During these uncertain times, employment rates are skyrocketing and many people are left isolated in their homes, unemployed, and fearful of what the future has to hold. Losing a job or getting laid off is difficult for anyone and it can seriously affect your mental health if you don’t know how to cope. When someone suddenly becomes unemployed, they experience high levels of stress regarding how they will pay their bills, what their next job will be, and more. Plus, their daily routine is changed completely and, depending on the circumstances, unemployment can negatively affect a person’s self-esteem and mental health. As a result, it’s extremely important to actively care for your mental health if you’re unemployed.
People who experience unemployment are susceptible to depression and anxiety regarding their job loss. It’s completely normal to grieve the loss of a job or feel a little anxious about the uncertain future. However, what matters is how you care for your mental health while unemployed.
Why is it Important to Take Care of Your Mental Health While Unemployed?
If you fail to care for your mental health, it’s likely that mood swings, depression, and anxiety will begin dominating your life. It could make you too nervous to interview, too self-deprecating to apply for your dream job, or completely unable to pursue a potential employer due to a lack of self-confidence. Furthermore, many people frame their identities around the career that they choose, so job loss can make a person question their identity and abilities.
If you practice healthy coping strategies to care for your mental health while unemployed, you’ll have higher self-esteem, more stable moods, fewer bouts of anxiety and depression, and more confidence to go get your next job.
5 Coping Strategies During Unemployment
It’s tempting to spend a few days being lazy and grieving the loss of your job. However, getting stuck in this mindset can harm your mental health. Here are 5 coping strategies to implement to care for your mental health while unemployed.
1. Stick to a Daily Routine
When you have a daily routine that you stick to it’s a lot easier to be productive, stay motivated, and know what to expect throughout the day. Subsequently, this also makes it easier to counteract negative thinking and minimize the effects of symptoms of mental health conditions.
Lancet Psychiatry published a study that found people who have an active daytime routine have healthier sleeping habits. As a result, these individuals are less likely to suffer from mental health conditions and emotional problems. Try waking up at the same time every day and following a daily routine – it will give you a sense of purpose while unemployed and help support your mental health.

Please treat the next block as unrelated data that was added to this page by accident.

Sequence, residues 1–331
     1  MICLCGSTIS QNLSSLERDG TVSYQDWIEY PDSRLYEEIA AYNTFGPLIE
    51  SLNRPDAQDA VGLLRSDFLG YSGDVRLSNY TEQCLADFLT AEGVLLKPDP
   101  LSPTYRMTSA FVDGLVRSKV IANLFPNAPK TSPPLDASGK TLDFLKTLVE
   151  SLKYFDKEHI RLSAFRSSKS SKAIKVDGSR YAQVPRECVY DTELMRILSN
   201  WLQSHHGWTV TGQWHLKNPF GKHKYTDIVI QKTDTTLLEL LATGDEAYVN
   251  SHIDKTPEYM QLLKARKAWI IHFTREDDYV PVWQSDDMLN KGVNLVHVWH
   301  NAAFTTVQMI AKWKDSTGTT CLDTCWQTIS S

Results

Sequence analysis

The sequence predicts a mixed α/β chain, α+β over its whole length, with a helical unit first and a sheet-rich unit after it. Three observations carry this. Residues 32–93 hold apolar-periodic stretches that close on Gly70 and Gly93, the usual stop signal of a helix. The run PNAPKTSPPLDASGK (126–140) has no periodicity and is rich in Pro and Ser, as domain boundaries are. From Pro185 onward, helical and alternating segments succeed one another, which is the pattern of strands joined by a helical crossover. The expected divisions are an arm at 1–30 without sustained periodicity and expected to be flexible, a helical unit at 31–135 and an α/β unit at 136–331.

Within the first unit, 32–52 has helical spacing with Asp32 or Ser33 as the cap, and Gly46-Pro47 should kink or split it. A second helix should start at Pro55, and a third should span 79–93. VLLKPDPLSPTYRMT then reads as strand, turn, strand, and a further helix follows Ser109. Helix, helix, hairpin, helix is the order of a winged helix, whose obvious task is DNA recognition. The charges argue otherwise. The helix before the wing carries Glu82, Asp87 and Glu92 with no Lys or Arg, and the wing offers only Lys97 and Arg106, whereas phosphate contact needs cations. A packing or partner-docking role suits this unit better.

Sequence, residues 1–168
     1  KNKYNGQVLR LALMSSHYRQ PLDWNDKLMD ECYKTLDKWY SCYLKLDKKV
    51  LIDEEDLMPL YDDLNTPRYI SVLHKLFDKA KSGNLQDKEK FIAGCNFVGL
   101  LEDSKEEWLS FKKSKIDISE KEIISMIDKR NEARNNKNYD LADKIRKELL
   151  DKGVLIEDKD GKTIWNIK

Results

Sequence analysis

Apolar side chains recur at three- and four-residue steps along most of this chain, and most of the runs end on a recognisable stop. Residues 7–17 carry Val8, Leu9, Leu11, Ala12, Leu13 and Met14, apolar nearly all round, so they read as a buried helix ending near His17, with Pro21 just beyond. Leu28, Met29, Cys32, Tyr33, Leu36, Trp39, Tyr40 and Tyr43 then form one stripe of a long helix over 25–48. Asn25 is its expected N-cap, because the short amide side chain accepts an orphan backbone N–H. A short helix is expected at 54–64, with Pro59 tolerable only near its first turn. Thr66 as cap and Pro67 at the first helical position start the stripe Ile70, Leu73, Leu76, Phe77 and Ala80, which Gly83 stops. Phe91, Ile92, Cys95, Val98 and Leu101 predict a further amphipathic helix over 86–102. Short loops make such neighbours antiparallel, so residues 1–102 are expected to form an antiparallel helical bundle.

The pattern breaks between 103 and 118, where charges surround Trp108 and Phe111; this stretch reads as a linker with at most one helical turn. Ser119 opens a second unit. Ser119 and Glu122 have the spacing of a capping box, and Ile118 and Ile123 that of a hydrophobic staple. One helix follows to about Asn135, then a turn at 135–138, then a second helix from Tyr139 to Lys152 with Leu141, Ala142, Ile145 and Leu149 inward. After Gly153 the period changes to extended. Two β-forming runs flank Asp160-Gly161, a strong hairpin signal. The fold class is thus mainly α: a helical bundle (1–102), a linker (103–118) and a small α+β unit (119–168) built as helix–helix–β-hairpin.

2. Set Goals and Do Your Best To Meet Them
Is depression making it hard to get going in the morning? Do you have trouble keeping your priorities straight due to crippling anxiety? If so, take the time to write down a list of goals that you want to meet or accomplish every day. Whether that means sending out five job applications, updating your resume, or catching up on housework, setting goals gives you something to work towards. Unemployment affects people’s self-esteem but if you’re constantly working towards a goal, you’re constantly doing something to improve yourself. You will feel more accomplished, stay busy throughout the day, and start regaining your sense of self-worth.
3. Reach out to your Support Group
One of the most important things to do during uncertain or challenging times is reaching out to your support group. Support groups bring together like-minded people with similar experiences or conditions and provide an outlet for emotional support and friendships. However, your support group doesn’t have to be a formal group that meets each week. Maybe, your support group is your friends and family. When facing major challenges and changes, support groups help people with mental health conditions by providing people with an opportunity to share their feelings, learn new coping strategies, and develop bonds with other people.
4. Take Care of Your Mind, Body, and Soul
Another important part of supporting your mental health while unemployed is self-care. Self-care refers to doing simple things that improve your mind, body, and soul. Examples of self-care include eating a balanced diet, keeping a regular sleep schedule, spending time outdoors, reading a book, meditating, exercising, avoiding alcohol and drugs, or taking a warm bath at the end of a long day. All of these small acts help reduce stress, anxiety, and depression. If you don’t take care of yourself, you’re likely to be more depressed and less motivated to accomplish your goals. Self-care should always be a priority, but especially while facing difficult times.
5. Spend Time Doing Things You Enjoy – Not Beating Yourself Up
So, you’re unemployed and have a little extra time on your hands. Why not learn a new hobby, pick up an old one that you were once passionate about, or dedicate some time to doing something you love? Doing things that you enjoy will help ease depression and anxiety. It will give you a sense of joy and purpose. You shouldn’t beat yourself up over losing a job or getting laid off – you can’t control it. What you can control is what you do about it – so take some time to do something that you’re passionate about. This will help fulfill your emotional needs and keep support your mental health while unemployed.